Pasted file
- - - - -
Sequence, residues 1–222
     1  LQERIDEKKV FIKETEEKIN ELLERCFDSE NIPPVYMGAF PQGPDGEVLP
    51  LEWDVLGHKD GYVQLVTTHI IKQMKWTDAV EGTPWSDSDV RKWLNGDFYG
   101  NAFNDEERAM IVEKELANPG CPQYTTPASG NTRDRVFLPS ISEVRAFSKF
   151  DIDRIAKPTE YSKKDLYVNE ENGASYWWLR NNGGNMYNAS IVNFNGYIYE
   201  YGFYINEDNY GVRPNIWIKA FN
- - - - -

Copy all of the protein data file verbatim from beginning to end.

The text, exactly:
Sequence, residues 1–222
     1  LQERIDEKKV FIKETEEKIN ELLERCFDSE NIPPVYMGAF PQGPDGEVLP
    51  LEWDVLGHKD GYVQLVTTHI IKQMKWTDAV EGTPWSDSDV RKWLNGDFYG
   101  NAFNDEERAM IVEKELANPG CPQYTTPASG NTRDRVFLPS ISEVRAFSKF
   151  DIDRIAKPTE YSKKDLYVNE ENGASYWWLR NNGGNMYNAS IVNFNGYIYE
   201  YGFYINEDNY GVRPNIWIKA FN